18. 18. WHO monographs on selected medicinal plantsPlant material of interest: dried ripe fruitsGeneral appearanceCremocarp nearly cylindrical, usually separated into its two mericarps,rarely entire, with a part of the pedicel attached. Mericarp small, slight-ly concave on the commissural side, slightly tapering towards the apex;2.0–2.5 mm long, 0.75 mm wide, reddish-brownish to greenish-brown,crowned with a nectary, disc-like stylopod. Externally glabrous, rough,marked with five broad, distinct, yellowish-brown primary ridges, al-ternating with four equally prominent, dark brown secondary ridges.Internally comprises a pericarp with six vittae, four in the dorsal andtwo in the commissural side, and a large orthospermous endosperm in Disponible en CIMEF: http://www.femeba.org.ar/fundacionwhich is embedded a small apical embryo. Carpophore forked, eachbranch entering at the apex of the mericarp and uniting with theraphe (1, 2).Organoleptic propertiesOdour: slightly aromatic, terebinthinate; taste: aromatic, strongly pun-gent, slightly bitter (1).Microscopic characteristicsEpidermis of the pericarp consists of polygonal cells, with straight anti-clinal walls and short papillae, containing cluster or prismatic crystals ofcalcium oxalate, and covered with a strongly striated cuticle; stomata, oc-casionally of the anisocytic type, but with no trichomes. Mesocarp con-sists of brownish parenchyma; traversed longitudinally by six large schi-zogenous vittae, four in the dorsal and two in the commissural side, whichappear elliptical in transverse section, each surrounded by large, radiatingcells; traversed in the primary ridges by vascular bundles, which appearoval, ovoid or rounded in transverse section, not accompanied by vittae,each bundle with a xylem strand and two lateral phloem strands, and ac-companied by strongly lignified fibres and reticulate, lignified cells. In-nermost layer consists of large, polygonal, brown-walled cells, with thick,non-porous inner walls. Endocarp composed of narrow, tangentiallyelongated cells, many in regular arrangements in variously oriented groups(e.g. parquet arrangement), adhering to the brown seed coat, which isformed of similar but wider and shorter cells. Endosperm consists ofpolygonal, thick-walled, cellulosic parenchyma, containing fixed oil andseveral aleurone grains, 4–12 µm in diameter, each with one or two round-ed globoid and one or two microrosette crystals of calcium oxalate, 2–5 µm in diameter. Carpophore, each branch traversed by a vascular bundleof fibres and spiral vessels (1, 2, 7).10
  19. 19. Fructus Ammi MajorisPowdered plant materialYellowish-brown and characterized by fragments of epicarp with polygo-nal, subrectangular or elongated, short, papillose cells, containing clusteror prismatic crystals of calcium oxalate, and covered with thick, distinctlystriated cuticle. Also present are fragments of mesocarp with brownishpieces of vittae, reticulate cells, vessels and fibres; fragments of endocarpalcells with a distinct parquet arrangement, usually adhering to brown cellsof the testa; numerous fragments of the endosperm containing colourless,polygonal cells, numerous oil globules and several aleurone grains, 4–12 µm in diameter, each enclosing microrosette crystals of calcium oxa-late, 2–5 µm in diameter. Trichomes and starch grains absent (1, 2). Disponible en CIMEF: http://www.femeba.org.ar/fundacionGeneral identity testsMacroscopic and microscopic examinations, microchemical tests (1, 2),and thin-layer chromatography for the presence of xanthotoxin and ber-gapten (8).Purity testsMicrobiologicalTests for specific microorganisms and microbial contamination limits areas described in the WHO guidelines on quality control methods for me-dicinal plants (9).Total ashNot more than 7% (1, 2).Acid-insoluble ashNot more than 0.04% (2).Water-soluble extractiveNot less than 17% (2).Alcohol-soluble extractiveNot less than 16% (2).Loss on dryingNot more than 12% (1).Pesticide residuesThe recommended maximum limit of aldrin and dieldrin is not more than0.05 mg/kg (10). For other pesticides, see the European pharmacopoeia(10), and the WHO guidelines on quality control methods for medicinalplants (9) and pesticide residues (11). 11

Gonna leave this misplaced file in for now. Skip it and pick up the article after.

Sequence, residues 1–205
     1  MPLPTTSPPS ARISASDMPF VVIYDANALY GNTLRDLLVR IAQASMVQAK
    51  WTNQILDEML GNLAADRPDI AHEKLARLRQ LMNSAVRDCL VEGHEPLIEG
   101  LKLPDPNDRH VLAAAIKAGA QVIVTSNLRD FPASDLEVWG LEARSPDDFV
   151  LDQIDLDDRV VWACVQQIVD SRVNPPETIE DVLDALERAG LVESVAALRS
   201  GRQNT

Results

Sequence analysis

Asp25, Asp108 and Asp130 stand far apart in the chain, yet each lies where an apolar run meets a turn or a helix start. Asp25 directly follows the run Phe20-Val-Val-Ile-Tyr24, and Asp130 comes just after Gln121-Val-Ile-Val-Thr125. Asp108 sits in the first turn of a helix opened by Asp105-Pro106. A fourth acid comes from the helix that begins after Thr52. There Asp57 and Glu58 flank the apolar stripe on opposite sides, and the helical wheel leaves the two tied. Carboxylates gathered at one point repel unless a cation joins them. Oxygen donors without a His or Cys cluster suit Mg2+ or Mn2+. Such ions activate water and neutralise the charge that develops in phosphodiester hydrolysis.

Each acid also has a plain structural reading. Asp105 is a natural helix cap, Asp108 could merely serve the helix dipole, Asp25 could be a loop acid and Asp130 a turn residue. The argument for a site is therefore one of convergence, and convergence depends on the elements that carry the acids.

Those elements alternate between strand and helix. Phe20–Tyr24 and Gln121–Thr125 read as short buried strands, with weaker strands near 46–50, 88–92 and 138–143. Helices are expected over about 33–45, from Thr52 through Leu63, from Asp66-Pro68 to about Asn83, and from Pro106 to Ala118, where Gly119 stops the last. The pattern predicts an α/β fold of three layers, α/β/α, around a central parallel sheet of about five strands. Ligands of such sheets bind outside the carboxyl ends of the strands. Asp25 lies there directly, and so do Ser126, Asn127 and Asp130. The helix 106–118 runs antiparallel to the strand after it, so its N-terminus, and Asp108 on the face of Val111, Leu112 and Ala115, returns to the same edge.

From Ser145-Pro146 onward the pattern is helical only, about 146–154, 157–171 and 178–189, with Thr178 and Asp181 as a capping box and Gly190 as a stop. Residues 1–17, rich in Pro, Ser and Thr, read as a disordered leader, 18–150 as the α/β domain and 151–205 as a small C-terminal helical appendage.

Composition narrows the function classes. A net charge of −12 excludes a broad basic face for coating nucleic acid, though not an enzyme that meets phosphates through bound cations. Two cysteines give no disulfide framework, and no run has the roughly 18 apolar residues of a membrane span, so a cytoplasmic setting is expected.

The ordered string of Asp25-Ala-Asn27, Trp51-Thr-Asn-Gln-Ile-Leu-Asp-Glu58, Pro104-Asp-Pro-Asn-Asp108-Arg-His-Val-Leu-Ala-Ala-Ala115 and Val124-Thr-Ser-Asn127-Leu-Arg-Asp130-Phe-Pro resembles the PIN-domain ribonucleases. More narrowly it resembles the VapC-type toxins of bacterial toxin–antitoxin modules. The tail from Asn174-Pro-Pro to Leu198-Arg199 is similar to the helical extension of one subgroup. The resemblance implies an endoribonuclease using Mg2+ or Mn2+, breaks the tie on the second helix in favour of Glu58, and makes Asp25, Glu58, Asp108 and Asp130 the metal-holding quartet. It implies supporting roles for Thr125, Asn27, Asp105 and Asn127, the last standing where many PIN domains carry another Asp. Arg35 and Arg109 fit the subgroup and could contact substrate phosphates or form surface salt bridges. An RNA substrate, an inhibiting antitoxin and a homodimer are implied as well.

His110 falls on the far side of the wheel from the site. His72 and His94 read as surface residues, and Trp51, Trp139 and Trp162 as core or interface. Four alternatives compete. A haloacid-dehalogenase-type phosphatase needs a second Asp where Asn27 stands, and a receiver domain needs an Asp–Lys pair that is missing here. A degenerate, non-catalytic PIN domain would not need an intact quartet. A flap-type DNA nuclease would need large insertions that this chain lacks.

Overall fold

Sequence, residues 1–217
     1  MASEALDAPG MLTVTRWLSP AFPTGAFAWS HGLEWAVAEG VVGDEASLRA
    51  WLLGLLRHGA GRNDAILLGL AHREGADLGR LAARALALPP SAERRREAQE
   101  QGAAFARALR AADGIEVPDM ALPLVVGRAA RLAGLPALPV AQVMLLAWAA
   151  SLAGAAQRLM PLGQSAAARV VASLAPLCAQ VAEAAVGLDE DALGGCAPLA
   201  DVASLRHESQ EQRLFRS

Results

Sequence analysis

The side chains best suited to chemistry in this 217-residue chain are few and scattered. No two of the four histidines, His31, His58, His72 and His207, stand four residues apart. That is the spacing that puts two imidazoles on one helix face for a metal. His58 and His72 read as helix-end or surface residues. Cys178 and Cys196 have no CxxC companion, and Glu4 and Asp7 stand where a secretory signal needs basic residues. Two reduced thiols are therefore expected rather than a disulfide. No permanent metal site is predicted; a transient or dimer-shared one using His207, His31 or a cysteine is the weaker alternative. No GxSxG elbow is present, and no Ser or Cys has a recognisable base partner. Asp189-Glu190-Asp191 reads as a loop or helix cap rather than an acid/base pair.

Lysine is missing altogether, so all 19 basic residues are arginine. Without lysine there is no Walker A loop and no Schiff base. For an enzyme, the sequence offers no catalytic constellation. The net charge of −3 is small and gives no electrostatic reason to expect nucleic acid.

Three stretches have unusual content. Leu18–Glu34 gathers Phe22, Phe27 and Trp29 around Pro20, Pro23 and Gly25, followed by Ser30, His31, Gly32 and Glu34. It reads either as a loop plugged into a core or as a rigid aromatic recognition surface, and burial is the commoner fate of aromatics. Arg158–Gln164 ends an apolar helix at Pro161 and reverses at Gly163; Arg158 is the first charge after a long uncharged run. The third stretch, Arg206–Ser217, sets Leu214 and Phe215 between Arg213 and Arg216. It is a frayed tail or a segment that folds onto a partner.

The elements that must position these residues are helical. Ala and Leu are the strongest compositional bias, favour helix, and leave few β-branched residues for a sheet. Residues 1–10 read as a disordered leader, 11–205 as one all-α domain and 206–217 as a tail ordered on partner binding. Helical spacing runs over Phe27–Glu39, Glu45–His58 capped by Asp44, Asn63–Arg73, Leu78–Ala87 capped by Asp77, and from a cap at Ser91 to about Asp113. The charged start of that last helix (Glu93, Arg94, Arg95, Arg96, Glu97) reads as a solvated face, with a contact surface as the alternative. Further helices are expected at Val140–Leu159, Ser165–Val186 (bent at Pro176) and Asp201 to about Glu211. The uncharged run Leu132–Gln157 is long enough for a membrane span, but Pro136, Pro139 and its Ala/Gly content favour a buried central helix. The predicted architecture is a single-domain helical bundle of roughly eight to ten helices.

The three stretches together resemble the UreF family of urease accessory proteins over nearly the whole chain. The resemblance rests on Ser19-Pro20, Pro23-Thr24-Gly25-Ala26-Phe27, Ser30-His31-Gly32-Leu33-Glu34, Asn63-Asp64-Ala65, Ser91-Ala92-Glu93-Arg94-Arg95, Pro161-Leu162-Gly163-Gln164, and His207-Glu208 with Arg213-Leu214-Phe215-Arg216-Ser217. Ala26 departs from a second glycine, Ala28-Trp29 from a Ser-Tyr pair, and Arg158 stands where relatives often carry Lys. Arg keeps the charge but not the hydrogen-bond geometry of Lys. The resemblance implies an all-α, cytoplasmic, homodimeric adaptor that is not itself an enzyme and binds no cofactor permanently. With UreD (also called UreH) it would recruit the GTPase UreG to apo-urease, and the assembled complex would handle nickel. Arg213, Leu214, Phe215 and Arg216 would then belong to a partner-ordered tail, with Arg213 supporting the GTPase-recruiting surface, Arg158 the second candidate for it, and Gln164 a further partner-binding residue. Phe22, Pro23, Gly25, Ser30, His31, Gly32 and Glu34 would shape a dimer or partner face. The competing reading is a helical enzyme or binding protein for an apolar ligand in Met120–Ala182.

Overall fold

20. 20. WHO monographs on selected medicinal plantsHeavy metalsFor maximum limits and analysis of heavy metals, consult the WHOguidelines on quality control methods for medicinal plants (9).Radioactive residuesWhere applicable, consult the WHO guidelines on quality control methodsfor medicinal plants (9) for the analysis of radioactive isotopes.Other purity testsChemical, foreign organic matter and sulfated ash tests to be establishedin accordance with national requirements. Disponible en CIMEF: http://www.femeba.org.ar/fundacionChemical assaysContains not less than 0.5% xanthotoxin, 0.3% imperatorin and 0.01%bergapten, determined by spectrophotometry (1). A high-performance liq-uid chromatography method is also available for quantitative analysis(12).Major chemical constituentsThe major constituents are furanocoumarins, the principal compoundsbeing xanthotoxin (methoxsalen, 8-methoxypsoralen (8-MOP) ammoid-in; up to 1.15%), imperatorin (ammidin; up to 0.75%) and bergapten(heraclin, majudin, 5-methoxypsoralen (5-MOP), up to 1.88%). Othercoumarins of significance are marmesin (up to 0.25%), isoimperatorin(0.01%), heraclenin (0.07%) and isopimpinellin (0.01%). Other consti-tuents of interest are acetylated flavonoids (13–17). The structures ofxanthotoxin, imperatorin and bergapten are presented below. R2 furanocoumarins R1 R2 O O O bergapten OCH 3 H imperatorin H O-CH 2-CH=C(CH 3)2 xanthotoxin H OCH 3 R1Medicinal usesUses supported by clinical dataTreatment of skin disorders such as psoriasis and vitiligo (acquired leuko-derma) (1, 5, 18–26).Uses described in pharmacopoeias and well established documentsTreatment of vitiligo (1).12